A trip to Fort Collins Visitor Center led to us discovering the following two attractions not in any of the nine guidebooks I reviewed before our trip. That is one benefit of making a stop at one of these centers, you might just find something totally unexpected.
Jazz Alley is a 1500-square foot mural located between Bohemian Foundation’s Mitchell Block and the Fort Collins Food Co-op. It runs from Mountain Avenue to Walnut Street, one block east of College, and is open to the public from 6 a.m. to 10 p.m. daily when a gate is closed between the two buildings. This attraction is free to the public.
The mural depicts a mix of 38 musicians, celebrities, and pop icons watching a band composed of ten Fort Collins musicians. Some of the figures are Simon and Garfunkel, the Beatles, Albert Einstein, and the Obamas. Among the others are Johnny Cash, Diana Ross, Marilyn Monroe, and Elvis Presley.
Terry McNerney, a local artist, was commissioned to paint Jazz Alley in 2011. He created the mural using house paints on aluminum siding panels. It took him 18 months to complete the project’s sketches and seven months to paint the panels.
GLOBAL VILLAGE MUSEUM OF ARTS AND CULTURES
This museum touts itself as the only intercultural museum in Colorado. Housing two temporary and two permanent exhibit areas, the museum came to its present location in April 2011. Its purpose is to foster and celebrate international connections between Northern Colorado and the world through exhibits of fine arts, folk arts, and artifacts.
The exhibit on Alaska runs through September 30, 2014. It features artifacts regarding the hunting, fishing, and home life of various Eskimo cultures as well as various uses of walrus ivory. Folk Art of Mexico replaces it from October 3 through January 24 followed by Southeast Asia on February 6. For these exhibits, the museum staff invites the community to temporarily lend to Global Village Museum some of their treasures.
“Small Faces - Cultural Masks and Heads” runs through September 20, 2014. It consists of various sizes of masks and miniature heads from around the world. Some are human faces while others are animal faces used in ceremonial dances, theater, or religious beliefs. Again, the museum counts on the community to temporarily lend these artifacts.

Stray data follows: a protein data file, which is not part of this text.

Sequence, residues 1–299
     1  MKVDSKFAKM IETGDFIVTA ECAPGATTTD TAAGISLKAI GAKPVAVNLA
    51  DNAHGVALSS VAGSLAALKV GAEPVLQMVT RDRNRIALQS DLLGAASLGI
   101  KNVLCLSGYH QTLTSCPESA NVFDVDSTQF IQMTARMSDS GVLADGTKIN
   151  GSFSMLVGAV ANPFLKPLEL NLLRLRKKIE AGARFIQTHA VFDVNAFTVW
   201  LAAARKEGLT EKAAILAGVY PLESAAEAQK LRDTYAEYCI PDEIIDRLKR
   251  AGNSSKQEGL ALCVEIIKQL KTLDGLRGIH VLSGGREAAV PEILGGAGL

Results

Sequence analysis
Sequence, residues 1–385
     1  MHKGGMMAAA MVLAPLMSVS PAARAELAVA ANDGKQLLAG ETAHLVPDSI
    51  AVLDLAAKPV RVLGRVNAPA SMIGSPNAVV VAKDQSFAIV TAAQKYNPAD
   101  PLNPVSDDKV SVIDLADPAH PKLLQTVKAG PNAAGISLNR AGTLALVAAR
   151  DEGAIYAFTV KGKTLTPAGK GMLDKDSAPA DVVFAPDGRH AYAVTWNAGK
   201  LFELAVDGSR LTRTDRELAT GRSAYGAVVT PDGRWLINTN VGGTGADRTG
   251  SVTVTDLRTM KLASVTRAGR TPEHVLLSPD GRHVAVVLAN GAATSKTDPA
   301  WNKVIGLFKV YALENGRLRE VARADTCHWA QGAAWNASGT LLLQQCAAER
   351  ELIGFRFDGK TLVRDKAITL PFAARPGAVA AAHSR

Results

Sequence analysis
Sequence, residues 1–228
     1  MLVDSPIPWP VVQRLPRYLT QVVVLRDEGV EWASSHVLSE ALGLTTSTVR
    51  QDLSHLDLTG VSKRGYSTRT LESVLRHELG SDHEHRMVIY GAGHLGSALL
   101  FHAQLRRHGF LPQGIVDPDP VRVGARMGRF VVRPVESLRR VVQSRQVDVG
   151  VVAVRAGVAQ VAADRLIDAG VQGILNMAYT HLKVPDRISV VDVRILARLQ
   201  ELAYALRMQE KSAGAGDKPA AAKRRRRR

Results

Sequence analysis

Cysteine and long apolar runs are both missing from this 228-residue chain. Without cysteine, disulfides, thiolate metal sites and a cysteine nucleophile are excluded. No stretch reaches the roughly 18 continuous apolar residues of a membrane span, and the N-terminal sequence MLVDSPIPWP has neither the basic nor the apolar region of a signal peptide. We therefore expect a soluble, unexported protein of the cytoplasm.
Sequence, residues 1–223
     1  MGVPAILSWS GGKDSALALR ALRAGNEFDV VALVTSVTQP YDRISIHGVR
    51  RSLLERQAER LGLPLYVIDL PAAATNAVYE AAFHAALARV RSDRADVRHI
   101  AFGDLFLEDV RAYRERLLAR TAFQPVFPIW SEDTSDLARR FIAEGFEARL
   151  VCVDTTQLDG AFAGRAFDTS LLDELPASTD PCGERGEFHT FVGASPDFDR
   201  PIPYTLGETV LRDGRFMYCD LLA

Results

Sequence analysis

One of the museum founders, John Roberts, was a former Peace Corps volunteer, foreign service diplomat, and a Peace Corps country director assigned to 19 countries. He collected dozens of folk art pieces on display in the museum’s Main Gallery. Artifacts are from Asia, the Solomon Islands, Madagascar, and Zambia. I was impressed with the basket table from Ethiopia and woman’s grass skirt from Papua, New Guinea.
Mundoville is the other room with a permanent exhibit. It contains hundreds of folk dolls, puppets, more than 21 miniature dwellings, and multiple small-scale scene replications such as the 1940's Texaco Station. You’ll see doll houses of various types such as an early American keeping room, Victorian home, English cottage, French apartment house, and New Mexico adobe house. They even have a Russia dacha, Pakistan homestead, and two-story outhouse.
Global Village Museum is found at 200 West Mountain Avenue. Their telephone number is (970) 221-4600. Admission is $5 for adults and $3 for seniors ages 62+.